Rawls and his Veil of Ignorance are fairly easy to subsume into this metaphor: each dot is one tiny and self-interested peek through the Veil and doesn’t tell you much. But each peek is important, since we cannot fully understand what any one person finds important in life, what the optimal payout might be for them, personally.

    In the real world, beyond what you or I or anyone else might consider fair and just, the Law accretes Precedent unto itself, often breaking off large chunks of what was previously settled law, growing new branches to adapt to new problems. Here, the Seurat Peek gives some insight: as each case before the courts is settled, based on precedent, judges (especially in non-adversarial systems such as France where the judge is essentially the prosecution) still have enormous discretion, applying their own reasoning abilities to derive justice for each case, the totality of the law notwithstanding. The judge does not say “Oh well, I have found four defendants guilty this week, I suppose I ought to find the next defendant innocent to provide some semblance of fairness, lest I get a reputation as a hanging judge”, though he very well might grow increasingly vexed by the draconian verdicts he renders by dint of the laws which state he must obey some Three Strikes law or the like.

    The reason Rawls’ Veil works so well is because we can all place ourselves in the dock with the defendant and demand due process and the right to face our accusers and present exculpatory evidence, to defend our own good names and property from slanderers and squatters. We would like to say the justice done in our name must reflect facts, not mere speculation. But there will never be truly disinterested parties to any such case: we are all biased in favor of our own preferred outcomes. Utilitarian philosophy always founders on the reefs of justification: each decision requires some axiom of fact which must be justified by other such facts in an infinite regression and as the old lady said to Bertrand Russell about cosmology, “it’s turtles all the way down”.

    Religion has always known possessions were a problem. What is truly ours? The more we have, the more we must defend from others. Possessing becomes a full time job: it becomes a justification for all sorts of selfish behaviors. Now I am no Buddhist, declaring the lust for money and possessions a sickness, though I do believe that lust corrupts people’s souls. If some have plenty and others have nothing, something is more intrinsically wrong with that society than mere redistribution will correct.

    Operating within the realm of the possible, I observe for the worst-off to improve in the slightest, the most well off must profit immensely and I have no problem with that. Capitalism is not a zero sum proposition. There is simply no excuse for starvation and abject poverty anywhere in the world. Show me famine and poverty and I will show you a fucked up government ruled by incompetent despots. Granted, you may not see many rich people, but as economies variously flourish and wither, the entire population slides up and down the yardstick of wealth. Class warfare is ignorant troublemaking in the main, but there are societies which try to preserve their aristocracy through the systematic denial of education to the poor. It never really works, though. Ultimately such aristocracies decay and are replaced, for such aristocracies don’t educate their own progeny and they become effete.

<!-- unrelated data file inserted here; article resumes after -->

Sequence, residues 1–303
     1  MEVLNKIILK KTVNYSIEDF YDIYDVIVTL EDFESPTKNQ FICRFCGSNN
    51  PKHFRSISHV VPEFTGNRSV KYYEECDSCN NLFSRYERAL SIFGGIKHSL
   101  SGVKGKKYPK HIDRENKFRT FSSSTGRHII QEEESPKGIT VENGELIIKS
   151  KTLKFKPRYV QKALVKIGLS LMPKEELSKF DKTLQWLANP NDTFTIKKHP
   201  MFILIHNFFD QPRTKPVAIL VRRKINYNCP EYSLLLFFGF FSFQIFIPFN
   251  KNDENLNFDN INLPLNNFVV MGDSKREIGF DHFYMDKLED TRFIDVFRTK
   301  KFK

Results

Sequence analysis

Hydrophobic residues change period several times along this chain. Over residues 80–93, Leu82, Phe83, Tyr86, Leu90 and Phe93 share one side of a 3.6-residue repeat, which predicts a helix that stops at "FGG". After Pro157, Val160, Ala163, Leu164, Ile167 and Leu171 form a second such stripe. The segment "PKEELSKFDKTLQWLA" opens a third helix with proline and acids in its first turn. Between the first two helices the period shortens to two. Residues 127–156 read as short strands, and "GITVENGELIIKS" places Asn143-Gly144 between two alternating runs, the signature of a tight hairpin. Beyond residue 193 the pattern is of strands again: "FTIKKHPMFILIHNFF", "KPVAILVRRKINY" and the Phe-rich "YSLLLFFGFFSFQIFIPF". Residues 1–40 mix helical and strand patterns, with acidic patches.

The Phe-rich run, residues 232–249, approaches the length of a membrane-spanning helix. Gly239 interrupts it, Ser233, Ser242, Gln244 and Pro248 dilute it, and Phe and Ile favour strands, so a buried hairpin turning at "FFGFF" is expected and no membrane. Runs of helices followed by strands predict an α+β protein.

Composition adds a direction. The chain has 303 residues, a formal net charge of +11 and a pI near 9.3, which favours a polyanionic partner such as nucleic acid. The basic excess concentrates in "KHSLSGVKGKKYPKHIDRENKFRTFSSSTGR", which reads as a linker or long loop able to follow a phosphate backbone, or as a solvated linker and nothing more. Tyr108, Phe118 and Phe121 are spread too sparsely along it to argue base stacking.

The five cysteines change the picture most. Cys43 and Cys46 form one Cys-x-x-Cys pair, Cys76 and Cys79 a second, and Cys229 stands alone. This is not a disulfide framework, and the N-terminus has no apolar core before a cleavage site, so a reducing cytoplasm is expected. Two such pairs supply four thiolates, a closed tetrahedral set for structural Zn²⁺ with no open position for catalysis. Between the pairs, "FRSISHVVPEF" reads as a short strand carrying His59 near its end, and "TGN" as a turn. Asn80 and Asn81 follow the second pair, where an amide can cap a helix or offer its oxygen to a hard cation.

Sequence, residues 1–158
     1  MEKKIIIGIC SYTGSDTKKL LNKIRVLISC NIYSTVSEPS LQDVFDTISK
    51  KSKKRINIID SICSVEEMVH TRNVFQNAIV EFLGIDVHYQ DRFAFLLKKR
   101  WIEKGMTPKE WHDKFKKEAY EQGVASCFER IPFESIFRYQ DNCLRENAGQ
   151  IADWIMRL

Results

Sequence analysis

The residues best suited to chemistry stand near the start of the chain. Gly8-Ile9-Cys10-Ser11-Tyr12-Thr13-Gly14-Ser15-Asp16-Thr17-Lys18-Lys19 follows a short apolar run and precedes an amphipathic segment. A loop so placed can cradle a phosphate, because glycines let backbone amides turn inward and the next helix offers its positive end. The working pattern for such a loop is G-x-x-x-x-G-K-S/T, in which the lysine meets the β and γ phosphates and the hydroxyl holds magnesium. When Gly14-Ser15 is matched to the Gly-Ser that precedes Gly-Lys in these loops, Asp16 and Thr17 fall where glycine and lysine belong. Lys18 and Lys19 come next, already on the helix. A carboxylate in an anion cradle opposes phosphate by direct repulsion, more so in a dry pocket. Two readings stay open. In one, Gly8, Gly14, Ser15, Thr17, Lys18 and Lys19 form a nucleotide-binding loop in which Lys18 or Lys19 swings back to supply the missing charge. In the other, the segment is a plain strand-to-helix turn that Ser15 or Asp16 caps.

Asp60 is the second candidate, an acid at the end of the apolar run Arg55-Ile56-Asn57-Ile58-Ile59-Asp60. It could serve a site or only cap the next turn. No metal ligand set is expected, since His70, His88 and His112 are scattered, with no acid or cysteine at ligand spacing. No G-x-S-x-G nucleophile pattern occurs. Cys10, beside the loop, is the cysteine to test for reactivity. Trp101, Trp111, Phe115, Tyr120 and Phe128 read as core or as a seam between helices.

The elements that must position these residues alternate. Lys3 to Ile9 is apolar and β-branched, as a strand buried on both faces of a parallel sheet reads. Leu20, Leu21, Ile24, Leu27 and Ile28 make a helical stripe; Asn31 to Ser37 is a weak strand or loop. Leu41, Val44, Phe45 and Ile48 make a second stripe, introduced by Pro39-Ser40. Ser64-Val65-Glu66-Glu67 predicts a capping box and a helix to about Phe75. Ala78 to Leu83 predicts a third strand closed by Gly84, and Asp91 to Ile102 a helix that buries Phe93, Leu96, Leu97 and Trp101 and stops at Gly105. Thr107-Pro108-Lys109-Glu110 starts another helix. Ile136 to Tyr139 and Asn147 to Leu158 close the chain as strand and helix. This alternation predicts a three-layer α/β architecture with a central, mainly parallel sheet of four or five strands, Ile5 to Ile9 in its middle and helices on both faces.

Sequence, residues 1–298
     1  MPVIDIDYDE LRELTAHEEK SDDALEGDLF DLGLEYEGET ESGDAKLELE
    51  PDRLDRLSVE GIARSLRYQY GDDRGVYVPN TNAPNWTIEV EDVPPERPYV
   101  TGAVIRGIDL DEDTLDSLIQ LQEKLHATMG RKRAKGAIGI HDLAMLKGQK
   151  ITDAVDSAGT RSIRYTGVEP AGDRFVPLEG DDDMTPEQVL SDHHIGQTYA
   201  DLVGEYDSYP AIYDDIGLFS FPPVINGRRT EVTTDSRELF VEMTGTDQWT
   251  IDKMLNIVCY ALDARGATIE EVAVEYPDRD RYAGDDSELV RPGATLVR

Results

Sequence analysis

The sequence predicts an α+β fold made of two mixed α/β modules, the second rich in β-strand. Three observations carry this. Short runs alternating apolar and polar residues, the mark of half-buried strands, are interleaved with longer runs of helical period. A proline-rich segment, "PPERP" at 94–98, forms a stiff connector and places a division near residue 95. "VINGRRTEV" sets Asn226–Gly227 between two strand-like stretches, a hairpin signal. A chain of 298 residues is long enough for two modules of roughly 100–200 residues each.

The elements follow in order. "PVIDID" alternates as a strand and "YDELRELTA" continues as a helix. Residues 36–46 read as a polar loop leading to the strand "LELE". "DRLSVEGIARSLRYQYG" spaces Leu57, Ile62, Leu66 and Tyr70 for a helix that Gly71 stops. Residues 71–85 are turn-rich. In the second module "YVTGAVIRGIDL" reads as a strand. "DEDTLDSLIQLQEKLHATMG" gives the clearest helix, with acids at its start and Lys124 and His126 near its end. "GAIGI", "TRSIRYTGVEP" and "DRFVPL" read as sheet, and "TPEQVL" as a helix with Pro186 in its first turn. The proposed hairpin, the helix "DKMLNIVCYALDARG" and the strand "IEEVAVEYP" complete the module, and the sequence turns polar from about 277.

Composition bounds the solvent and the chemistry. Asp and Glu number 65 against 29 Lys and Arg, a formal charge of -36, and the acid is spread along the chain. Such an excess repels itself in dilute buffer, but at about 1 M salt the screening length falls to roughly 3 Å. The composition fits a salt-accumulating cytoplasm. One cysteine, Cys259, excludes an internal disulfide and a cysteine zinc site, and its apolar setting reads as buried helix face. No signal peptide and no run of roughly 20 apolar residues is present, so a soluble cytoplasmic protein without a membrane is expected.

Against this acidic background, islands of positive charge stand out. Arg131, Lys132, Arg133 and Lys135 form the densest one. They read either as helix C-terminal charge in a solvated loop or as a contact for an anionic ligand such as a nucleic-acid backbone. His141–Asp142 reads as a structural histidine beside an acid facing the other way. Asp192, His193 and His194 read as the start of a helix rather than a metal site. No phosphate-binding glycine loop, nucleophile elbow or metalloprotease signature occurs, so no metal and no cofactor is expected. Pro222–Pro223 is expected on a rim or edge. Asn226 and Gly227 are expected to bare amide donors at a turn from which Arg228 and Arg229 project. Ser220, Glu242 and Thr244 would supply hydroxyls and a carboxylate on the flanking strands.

For at the terminus of great wealth, once all the hedonistic pleasures of life have been enjoyed and found wanting, is the greatest pleasure, philanthropy, and it seems to be a constant in human history. Bill Gates, while he ruled the Microsoft Empire was a ruthless man who inflicted great harm on the world at large with his brain-dead and insecure operating system, stifling his competitors and belittling his employees. Yet his great wealth (and that of Buffett) now goes (among many other good works) to find a cure for malaria: who would have thought it? The Gilded Age featured many such monsters, Gould, Fisk, Rockefeller: look where their money went.

    The lottery is an insufficient metaphor. Justice and fairness are not lotteries, they are dynamical systems: the rain falls on the just and the unjust. Rawls’ critique of utilitarian philosophy supposed each person’s gauge of personal happiness was different. My personal happiness would be for someone to endow me to work on the manuscripts of Monte Cassino: give me a little apartment in Rome and a pass to the Vatican Library and I should be content. That’s my little Seurat Peek. Everyone gets annoyed with me for injecting personal anecdote into the discussion hereabouts, but I am grimly amused by this phenomenon. What do these pedants want? For me to reduce my argument to some algebraic argument when life is mostly the black box of calculus? Reality is individually perceived and each Seurat Dot is part of an indivisible whole, each jagged shard of the hologram containing the whole. There is no Veil. We will only arrive at justice when we perceive ourselves in others, obeying the Platinum Rule, treating people not as we want to be treated, but as they want to be treated. Rawls’ Veil is actually a vast canvas, hiding nothing, containing multitudes, in which each of us must play our own distinct part, obeying the principles of mercy, not justice. Justice is easy: we switch sides. Mercy is hard: you’re thirsty, have a drink from my canteen.Report